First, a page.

Well as much as I like to write about my own cars, this one has to be told. I used to play the saxophone on the UK South Coast with my friend Phil, a very very good guitar player. Phil lived in a caravan at the time - now this is mid 90s and he was saving up for a house.
Every time we had a gig, I would pick him up from the caravan or train station.
Not an easy task, he and his guitar had to fit into my tiny Triumph Spitfire after having piled all the speakers, amps, saxophones, mini disc and tape decks and peripheral gear such as wires, stands and micophones. We had to let the top and leave the boot open sometimes to get it all in, driving around with stuff flapping in the wind on the freeway.
We would stand at the station and stress around to get away, measuring, trying, moving around stuff, resulting in us arriving late at the gig, having to rush setting up and having to start playing without even a sound check or the required coffee, wine or orange juice.
When this happened, our gigs used to continue to feel rushed, and the groove to chill to was not easy to find. As they say, it's all on the inside.
We were getting more venues to play, sometimes 3 or 4 times a week and things had to change. Phil went out to buy a car on a budget. A whole 150 pounds, some 3 gigs worth of investment.
When he found one, he was delighted. A blue Nissan Micra. The engine still purred nicely, the seats were comfortable, windscreen wipers worked and only one light was broken. Best of all, it had 3 months MOT left on it and about the same tax.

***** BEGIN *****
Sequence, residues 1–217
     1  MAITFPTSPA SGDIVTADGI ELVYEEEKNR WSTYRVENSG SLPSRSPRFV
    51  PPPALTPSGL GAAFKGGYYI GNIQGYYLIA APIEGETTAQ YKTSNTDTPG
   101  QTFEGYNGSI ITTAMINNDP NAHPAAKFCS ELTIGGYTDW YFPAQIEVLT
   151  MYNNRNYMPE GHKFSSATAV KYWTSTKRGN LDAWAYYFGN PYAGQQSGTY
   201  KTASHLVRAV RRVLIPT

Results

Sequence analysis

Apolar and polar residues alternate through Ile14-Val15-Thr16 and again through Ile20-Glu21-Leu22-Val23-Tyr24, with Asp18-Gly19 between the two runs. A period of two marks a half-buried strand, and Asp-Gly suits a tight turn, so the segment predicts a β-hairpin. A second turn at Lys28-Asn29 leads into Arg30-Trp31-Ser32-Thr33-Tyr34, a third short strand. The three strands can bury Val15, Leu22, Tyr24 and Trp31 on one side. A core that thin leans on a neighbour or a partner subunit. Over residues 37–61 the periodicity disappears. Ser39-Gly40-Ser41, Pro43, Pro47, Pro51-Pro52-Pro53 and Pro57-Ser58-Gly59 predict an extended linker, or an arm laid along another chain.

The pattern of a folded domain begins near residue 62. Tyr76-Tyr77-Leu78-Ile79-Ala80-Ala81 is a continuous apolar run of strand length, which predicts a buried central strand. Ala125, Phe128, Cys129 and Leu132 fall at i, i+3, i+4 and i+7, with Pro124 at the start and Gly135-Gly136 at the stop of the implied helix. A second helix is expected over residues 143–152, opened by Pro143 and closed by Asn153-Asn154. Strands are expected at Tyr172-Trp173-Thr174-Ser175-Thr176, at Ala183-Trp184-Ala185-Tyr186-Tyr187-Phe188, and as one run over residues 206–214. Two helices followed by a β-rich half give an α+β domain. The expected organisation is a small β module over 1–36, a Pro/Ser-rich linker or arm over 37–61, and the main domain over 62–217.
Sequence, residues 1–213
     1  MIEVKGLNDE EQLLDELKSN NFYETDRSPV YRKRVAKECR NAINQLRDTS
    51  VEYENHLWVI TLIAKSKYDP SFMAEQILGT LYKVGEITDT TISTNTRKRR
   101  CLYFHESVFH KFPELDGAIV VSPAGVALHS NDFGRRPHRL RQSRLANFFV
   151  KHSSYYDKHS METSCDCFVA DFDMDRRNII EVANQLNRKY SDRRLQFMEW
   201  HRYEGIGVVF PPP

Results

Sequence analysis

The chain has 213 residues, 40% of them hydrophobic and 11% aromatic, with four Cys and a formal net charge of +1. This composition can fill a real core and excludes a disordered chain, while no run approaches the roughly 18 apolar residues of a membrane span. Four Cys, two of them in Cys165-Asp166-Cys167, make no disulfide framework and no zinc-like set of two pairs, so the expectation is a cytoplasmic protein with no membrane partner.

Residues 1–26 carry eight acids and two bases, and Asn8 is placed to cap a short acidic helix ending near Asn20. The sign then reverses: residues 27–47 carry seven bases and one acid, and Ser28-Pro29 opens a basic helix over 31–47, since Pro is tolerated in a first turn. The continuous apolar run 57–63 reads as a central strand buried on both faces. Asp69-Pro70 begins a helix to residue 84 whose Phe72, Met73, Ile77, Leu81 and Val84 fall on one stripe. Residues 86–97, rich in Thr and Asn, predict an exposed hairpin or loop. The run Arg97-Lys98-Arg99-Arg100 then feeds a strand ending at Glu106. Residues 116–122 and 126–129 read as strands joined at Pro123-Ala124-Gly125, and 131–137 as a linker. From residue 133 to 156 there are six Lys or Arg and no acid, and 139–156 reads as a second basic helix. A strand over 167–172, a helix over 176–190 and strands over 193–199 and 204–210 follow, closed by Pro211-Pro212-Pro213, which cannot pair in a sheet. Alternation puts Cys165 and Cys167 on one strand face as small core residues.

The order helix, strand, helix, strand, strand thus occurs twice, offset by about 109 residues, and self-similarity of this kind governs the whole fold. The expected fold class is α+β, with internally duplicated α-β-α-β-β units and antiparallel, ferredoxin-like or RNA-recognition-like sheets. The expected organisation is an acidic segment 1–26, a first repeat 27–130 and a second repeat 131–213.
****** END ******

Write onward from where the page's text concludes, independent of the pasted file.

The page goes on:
Phil stepped up to the opportunity, parted with his cash and drove home.
The rust holes were indeed as big as my hands. I drove up with him to a wedding gig in the pouring rain and water came in through the air filters and the window seals. We had to dry our instruments every time and it was a miracle the mini disc player survived as long as it did.
We finally spent a saturday filling them with ahem - a mix of newspaper, polyester compound, more newspaper, some plastic mesh and finally body filler. We got the original colour from the dealer at some 20% of the car's original purchase price and finished it off nicely with a thorough spray. The holes were now a tight bobbly mess sporting the same colour as the rest of the car.
We were good to go. We were careful to park a few blocks up from the posh venues and carry our gear to the gig just in case anyone would spot our sound but cosmetically challenging bodgejobs.
For a long time, we continued to be good to go. Phil drove the car around for some 7 years I think before it fell apart.
His next car was a white Micra of about the same age - holeless.
All in all, they are great little cars though. You feel like you are driving a can of beans but the Micra always fit our gear and never once left us standing by the roadside, thus averting disaster with a bride and groom waiting for some smooth jazz favorites!